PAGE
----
Vulnerability, the Sweetest Taboo
by Marie-Elizabeth Mali Nov 6, 2015
I just finished taking a OneTaste course called Taboo. On the first night, we talked about how one of the most taboo things we run into in relating with other people is vulnerability.
Brené Brown, a research professor who studies vulnerability, courage, worthiness, and shame, says that the first thing we want from others to feel connected is to feel their vulnerability, which is typically the last thing we want to reveal. So we spend our time having surface conversations that don’t fully nourish us. We seem to have an unspoken agreement not to challenge each others’ façades. This never worked well for me, being sensitive and desiring real connection since I was a child, but I played along in order to survive, hiding behind a well-constructed, wise, compassionate self that is a good listener. I invited the vulnerability of others to come out while keeping mine largely under wraps. As a result, I often felt unseen and alone when with people.
About a month ago I began a relationship in which I decided to do it differently. Week-to-week, we research different aspects of relationship. From the start, I decided to research letting my vulnerability out. To my surprise, he didn’t run. He didn’t reject it or shrink back. He received and loved me in those places, which is more confronting to my story than if he had disappeared. He came in closer and began to open at his own pace, without being pushed or pulled by me.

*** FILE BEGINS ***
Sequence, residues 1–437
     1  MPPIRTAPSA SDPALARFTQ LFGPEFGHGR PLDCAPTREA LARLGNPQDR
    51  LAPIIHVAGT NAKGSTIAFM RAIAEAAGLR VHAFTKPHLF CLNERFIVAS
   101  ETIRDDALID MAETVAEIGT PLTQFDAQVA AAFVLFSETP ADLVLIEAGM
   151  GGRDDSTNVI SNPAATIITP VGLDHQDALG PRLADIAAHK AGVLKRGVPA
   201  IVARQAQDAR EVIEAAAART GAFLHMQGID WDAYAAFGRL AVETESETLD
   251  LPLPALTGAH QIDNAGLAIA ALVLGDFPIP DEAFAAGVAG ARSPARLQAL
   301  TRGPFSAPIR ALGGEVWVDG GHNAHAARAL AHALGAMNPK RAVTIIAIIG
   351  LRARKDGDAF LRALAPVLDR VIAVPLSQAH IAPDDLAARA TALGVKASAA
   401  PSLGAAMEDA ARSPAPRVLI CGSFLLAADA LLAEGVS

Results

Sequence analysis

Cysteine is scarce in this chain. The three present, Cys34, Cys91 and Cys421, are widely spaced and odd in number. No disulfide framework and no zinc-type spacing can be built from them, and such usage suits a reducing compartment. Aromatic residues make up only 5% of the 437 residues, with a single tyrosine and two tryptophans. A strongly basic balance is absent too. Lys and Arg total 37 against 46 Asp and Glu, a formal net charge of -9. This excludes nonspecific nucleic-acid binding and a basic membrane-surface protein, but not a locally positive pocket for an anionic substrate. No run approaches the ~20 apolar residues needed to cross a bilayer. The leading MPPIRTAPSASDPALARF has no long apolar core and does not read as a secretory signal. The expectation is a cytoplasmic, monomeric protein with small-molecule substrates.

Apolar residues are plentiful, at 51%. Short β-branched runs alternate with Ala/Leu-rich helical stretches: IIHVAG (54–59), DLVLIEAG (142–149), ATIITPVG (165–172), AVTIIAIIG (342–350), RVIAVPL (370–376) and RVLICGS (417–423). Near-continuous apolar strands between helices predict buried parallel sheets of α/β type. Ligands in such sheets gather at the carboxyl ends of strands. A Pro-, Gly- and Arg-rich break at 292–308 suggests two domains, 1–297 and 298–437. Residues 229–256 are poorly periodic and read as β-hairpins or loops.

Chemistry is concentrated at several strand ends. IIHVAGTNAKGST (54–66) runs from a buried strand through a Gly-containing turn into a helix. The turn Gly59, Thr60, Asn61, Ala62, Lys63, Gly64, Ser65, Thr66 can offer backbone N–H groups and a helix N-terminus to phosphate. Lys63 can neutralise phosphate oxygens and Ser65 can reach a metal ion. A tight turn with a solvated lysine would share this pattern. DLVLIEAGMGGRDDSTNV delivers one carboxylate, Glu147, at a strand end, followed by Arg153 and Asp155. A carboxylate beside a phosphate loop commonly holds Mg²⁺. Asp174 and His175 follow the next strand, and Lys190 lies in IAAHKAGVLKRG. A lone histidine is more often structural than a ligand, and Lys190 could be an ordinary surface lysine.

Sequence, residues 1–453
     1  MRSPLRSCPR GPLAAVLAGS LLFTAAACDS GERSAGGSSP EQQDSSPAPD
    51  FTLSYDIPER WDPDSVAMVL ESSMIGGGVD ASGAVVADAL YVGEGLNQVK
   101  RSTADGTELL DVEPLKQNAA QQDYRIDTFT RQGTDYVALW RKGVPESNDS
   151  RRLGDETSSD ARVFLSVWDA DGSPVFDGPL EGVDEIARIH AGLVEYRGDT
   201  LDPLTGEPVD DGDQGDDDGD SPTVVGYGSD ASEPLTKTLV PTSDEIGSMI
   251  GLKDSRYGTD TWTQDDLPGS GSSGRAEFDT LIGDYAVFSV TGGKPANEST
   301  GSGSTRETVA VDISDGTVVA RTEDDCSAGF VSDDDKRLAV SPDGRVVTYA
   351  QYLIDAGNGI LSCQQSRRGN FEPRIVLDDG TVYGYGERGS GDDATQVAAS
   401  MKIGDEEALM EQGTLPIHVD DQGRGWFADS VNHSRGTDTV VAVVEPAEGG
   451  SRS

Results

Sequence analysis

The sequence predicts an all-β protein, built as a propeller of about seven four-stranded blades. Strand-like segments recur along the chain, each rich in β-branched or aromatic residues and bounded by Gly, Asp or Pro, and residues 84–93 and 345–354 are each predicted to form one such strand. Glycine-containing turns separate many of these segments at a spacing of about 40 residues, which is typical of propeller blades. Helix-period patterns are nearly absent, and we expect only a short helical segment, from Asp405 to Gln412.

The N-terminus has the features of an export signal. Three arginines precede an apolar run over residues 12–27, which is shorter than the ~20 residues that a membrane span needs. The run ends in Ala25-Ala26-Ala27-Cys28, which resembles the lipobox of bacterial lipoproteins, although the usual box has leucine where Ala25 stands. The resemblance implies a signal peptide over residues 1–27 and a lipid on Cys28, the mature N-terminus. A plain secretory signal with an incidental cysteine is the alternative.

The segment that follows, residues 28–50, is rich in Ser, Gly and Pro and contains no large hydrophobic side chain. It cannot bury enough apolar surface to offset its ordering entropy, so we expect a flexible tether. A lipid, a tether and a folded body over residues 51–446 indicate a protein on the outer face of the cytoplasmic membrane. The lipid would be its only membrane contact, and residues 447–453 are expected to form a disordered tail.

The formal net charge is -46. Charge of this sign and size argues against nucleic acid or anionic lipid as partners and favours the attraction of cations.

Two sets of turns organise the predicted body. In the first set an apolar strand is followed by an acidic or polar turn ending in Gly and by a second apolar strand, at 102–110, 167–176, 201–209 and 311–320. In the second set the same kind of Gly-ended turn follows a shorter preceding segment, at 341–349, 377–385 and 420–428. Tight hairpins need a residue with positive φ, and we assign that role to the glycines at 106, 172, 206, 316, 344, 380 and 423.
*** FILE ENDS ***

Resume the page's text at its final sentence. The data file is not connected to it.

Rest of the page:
I’m surprised by how easily tears spill over when I say something as simple as, “I want you to stay over tonight,” or, “I enjoyed spending time with you today.” How hard it was to ask him to sit next to me in class for the tenth time, and my surprise at his tenth yes. How scared I am to say, “I love you,” not knowing how it will be received.
How tender, in fact, my heart.
Daily, my adult woman gets embarrassed by all this revealing, and I don’t care.
Here’s the kicker: I’m happy and feel lighter than I have in years. Why? Because revealing myself and being met there feels good. Because vulnerability spills out all over now, in a better connection with my mother, in laughter with friends, in a real conversation with a server at a restaurant.
For me, the most challenging part of Taboo was not the edgy power plays, nor the examination of old wounds, nor even the realization that I often am run by my victim. It was admitting that my heart is overflowing with love. That being happy feels like I’m shirking a self-created contract to struggle and suffer in order to be a spiritual person. That whether or not we decide to continue being in relationship past the next month, I’m enjoying the love, joy, depth, growth, passion, and fun I have with my boyfriend. That this opening is happening in me, is created by me, and ripples out to those I meet. That I’m listening to and speaking my desires, in some areas for the first time. That I’m being myself instead of the self I was raised to be.
And—who knew—that self is magnetic, beautiful, enough.
Photo credit: Katerina Plotnikova